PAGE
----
It is difficult to imagine anything being left out of a bill that weighs in at $787 billion. But a provision that would have required companies receiving stimulus funding to sign up for a government-run electronic worker verification system was scuttled during House-Senate negotiations. The measure could have increased the number of firms, especially in the construction industry, using the system. About 87,000 employers have signed up for the voluntary program, known as E-Verify, which checks new-hire information from I-9 forms against Social Security and Department of Homeland Security databases.
Employer groups are generally relieved by the outcome. They have long criticized the system for being inaccurate, inefficient and unable to detect identity theft.
Despite its stimulus demise, E-Verify will remain on the congressional radar. The program is due to expire March 6. A separate provision that would have reauthorized it also was struck from the stimulus package.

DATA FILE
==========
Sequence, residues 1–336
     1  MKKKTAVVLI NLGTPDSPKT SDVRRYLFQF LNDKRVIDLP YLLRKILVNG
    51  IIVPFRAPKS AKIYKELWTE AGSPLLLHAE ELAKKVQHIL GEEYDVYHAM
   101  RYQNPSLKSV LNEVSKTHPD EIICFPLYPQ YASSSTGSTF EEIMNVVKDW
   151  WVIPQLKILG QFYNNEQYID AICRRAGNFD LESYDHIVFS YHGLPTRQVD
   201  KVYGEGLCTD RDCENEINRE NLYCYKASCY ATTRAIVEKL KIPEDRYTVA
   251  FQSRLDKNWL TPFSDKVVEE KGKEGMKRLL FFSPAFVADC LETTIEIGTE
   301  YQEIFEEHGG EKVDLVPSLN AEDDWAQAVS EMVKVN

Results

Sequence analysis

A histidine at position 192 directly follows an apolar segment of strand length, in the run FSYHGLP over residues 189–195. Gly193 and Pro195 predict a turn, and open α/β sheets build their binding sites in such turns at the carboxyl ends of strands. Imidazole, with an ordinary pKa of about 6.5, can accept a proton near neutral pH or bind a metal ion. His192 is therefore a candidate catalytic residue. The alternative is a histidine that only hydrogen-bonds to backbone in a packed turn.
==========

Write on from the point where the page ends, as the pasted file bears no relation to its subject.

E-Verify proponents say the system confirms 96 percent of queries instantly and has an error rate of less than 1 percent. Employer advocates argue that the 4.1 percent error rate in the Social Security database could lead to millions of people being incorrectly ruled ineligible for work.
It’s hard to predict when Washington will turn its attention to immigration reform. It was highlighted by Senate Democratic leaders as one of the items at the top of their agenda.
But the collapsing economy has been the focus of Capitol Hill so far. In the meantime, it’s not just E-Verify that will be in limbo. Many companies, largely in the technology sector, probably won’t get the increase in employment visas that they desire.